Osg

Noise Free

Noisy

Figure 14. Reconstructed images from analytically-simulated projections of a cylinder obtained using LEGP and LEHR collimators. Only the GRF was modelled in the projections. Images were reconstructed from projection data with and without the addition of Poisson noise. Five iterations of OSEM were used with 64 subsets per iteration (4 angles per subset) with no compensation (OS-N) and compensation for the GRF (OS-G).

Figure 14. Reconstructed images from analytically-simulated projections of a cylinder obtained using LEGP and LEHR collimators. Only the GRF was modelled in the projections. Images were reconstructed from projection data with and without the addition of Poisson noise. Five iterations of OSEM were used with 64 subsets per iteration (4 angles per subset) with no compensation (OS-N) and compensation for the GRF (OS-G).

are nonlinear, the PSF cannot be estimated by simply reconstructing the projections of a point source. Instead, the point source projections are treated as a perturbation to a background image. After reconstruction of the perturbed image, the reconstruction of the background image is subtracted providing a local PSF; the magnitude of the FT of this local PSF provides the local MTF. The local NPS is computed from the covariance matrix for the point of interest. It was found that iterative reconstruction with CDRF compensation produces local MTFs with improved response at mid-frequencies. Subsequent unpublished work has demonstrated that, with large numbers of iterations, all frequencies up to approximately the first zero in the MTF obtained by filtered backprojection can be restored. This is illustrated by Figures 15 and 16, which show the local MTF for a point source reconstructed with FBP and iterative reconstruction with CDRF compensation. Note that for the iterative method, there is some overcompensation at mid-frequencies (MTF > 1) and that there is some artifactual increase at frequencies above the point where the MTF for FBP goes to zero.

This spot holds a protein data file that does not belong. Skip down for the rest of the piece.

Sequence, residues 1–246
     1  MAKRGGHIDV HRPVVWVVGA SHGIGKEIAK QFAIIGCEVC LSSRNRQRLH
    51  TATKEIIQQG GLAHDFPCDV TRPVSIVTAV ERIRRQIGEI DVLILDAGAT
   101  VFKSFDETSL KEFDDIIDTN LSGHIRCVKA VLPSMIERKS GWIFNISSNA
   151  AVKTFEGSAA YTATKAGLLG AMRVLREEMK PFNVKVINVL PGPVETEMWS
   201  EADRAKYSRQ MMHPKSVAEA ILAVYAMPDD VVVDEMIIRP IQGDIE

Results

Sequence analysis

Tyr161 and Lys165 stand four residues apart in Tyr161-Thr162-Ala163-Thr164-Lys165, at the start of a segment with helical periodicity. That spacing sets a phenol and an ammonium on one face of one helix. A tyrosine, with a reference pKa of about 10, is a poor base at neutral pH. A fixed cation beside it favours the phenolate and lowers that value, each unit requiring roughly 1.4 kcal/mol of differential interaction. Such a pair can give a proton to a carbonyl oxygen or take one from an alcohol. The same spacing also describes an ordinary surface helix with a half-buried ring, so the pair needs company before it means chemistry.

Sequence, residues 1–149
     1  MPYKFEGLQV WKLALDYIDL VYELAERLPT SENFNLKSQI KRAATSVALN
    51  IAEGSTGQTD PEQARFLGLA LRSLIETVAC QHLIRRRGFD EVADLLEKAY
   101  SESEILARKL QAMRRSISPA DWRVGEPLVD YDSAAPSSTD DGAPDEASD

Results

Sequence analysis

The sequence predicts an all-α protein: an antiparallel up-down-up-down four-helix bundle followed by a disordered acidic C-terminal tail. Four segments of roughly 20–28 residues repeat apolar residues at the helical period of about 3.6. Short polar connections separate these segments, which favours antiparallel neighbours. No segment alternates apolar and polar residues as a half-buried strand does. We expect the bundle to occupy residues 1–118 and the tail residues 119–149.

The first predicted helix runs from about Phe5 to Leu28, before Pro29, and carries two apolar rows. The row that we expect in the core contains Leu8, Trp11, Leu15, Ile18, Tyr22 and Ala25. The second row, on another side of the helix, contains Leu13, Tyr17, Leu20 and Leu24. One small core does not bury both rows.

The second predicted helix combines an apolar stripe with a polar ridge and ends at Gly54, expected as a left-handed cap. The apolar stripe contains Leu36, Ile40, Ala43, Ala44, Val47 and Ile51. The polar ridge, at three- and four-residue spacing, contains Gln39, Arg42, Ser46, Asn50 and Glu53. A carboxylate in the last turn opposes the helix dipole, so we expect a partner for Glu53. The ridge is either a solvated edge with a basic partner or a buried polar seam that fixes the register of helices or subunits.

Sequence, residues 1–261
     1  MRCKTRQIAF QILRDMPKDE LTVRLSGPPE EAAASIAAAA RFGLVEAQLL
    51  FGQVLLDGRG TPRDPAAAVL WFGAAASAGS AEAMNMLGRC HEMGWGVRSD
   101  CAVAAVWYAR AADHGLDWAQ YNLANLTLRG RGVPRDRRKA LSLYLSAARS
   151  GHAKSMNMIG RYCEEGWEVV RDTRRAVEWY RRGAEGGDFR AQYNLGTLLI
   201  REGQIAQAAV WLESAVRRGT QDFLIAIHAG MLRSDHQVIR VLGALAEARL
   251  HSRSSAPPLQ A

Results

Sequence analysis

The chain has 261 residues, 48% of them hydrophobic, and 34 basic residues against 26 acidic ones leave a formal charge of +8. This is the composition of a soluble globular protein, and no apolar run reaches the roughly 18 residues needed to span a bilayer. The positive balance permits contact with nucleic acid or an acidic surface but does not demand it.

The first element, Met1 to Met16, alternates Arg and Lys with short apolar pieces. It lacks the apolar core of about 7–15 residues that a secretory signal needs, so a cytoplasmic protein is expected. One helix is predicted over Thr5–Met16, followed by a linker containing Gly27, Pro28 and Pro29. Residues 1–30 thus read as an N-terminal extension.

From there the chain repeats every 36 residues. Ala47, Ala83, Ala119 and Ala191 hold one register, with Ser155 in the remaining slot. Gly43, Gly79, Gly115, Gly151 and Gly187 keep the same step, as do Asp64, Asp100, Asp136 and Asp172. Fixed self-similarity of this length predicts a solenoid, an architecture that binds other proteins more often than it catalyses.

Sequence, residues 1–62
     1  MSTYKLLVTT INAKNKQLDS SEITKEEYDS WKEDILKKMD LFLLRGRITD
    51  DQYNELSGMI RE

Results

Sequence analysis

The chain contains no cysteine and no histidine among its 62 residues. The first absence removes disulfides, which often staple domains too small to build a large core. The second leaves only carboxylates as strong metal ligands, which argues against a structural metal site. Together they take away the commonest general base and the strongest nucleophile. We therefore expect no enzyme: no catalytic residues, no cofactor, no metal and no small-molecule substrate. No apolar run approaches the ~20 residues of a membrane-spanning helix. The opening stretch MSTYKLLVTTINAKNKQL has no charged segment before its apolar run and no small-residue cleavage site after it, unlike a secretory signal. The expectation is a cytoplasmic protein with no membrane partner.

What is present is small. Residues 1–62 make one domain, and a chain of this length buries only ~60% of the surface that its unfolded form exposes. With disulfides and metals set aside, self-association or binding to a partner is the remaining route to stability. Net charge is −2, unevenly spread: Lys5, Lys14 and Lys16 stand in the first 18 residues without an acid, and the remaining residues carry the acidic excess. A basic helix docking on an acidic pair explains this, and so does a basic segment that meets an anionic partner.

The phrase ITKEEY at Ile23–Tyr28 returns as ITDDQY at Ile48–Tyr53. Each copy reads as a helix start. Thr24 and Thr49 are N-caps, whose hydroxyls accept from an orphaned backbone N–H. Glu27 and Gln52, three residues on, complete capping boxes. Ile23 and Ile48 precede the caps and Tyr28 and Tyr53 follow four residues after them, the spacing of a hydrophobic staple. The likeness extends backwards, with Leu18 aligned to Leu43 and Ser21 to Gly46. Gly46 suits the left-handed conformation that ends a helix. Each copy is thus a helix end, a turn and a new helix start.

The noise properties are also an important factor in evaluating CDRF compensation. It has been found that the local NPS increases at the frequencies that are restored, similar to what is found with restoration filtering. This gives rise to the lumpy noise texture seen in the images in Figure 14.39 In fact, the boosting of the noise is such that the NEQ is not greatly improved by CDRF compensation. In recent work using these measures, Wilson

Figure 15. Images of local MTF in transaxial plane for a point source located 15 cm from the center of rotation. The projections were generated analytically and simulated a LEGP collimator. The image on the left is from FBP with no low pass filter and the one on the right is from 20 iterations of OSEM with 64 subsets per iteration (4 angles per subset) with GRF compensation.

Figure 15. Images of local MTF in transaxial plane for a point source located 15 cm from the center of rotation. The projections were generated analytically and simulated a LEGP collimator. The image on the left is from FBP with no low pass filter and the one on the right is from 20 iterations of OSEM with 64 subsets per iteration (4 angles per subset) with GRF compensation.

Figure 16. Profiles through the MTF images in Fig. 15. The tangential direction is along the vertical axis and the radial direction along the horizontal one in Fig. 15.

et al.41 have pointed out that improper modelling of the CDRF can result in poorer MTFs and noise spectra, while the NEQ was relatively insensitive to these modelling errors.

Several studies have demonstrated an improvement in performance on estimation tasks with CDRF compensation. In the context of myocardial perfusion imaging, both analytic and iterative CDRF compensation were found to provide improved uniformity in the myocardial wall and improved estimates of wall thickness compared to no compensation. Iterative reconstruction-based compensation provided better results than analytic compensation based on the FDR.43 Pretorius et al.42 evaluated iterative and analytic FDR-based CDRF compensation in terms of recovery of the maximum and total counts in a volume. They found that iterative methods provided better recovery and reduced variance in estimates compared to the analytic methods, but that recovery coefficients were more spatially variant for the iterative methods.

Iterations: Method: os-as Cutoff (pixel-1)

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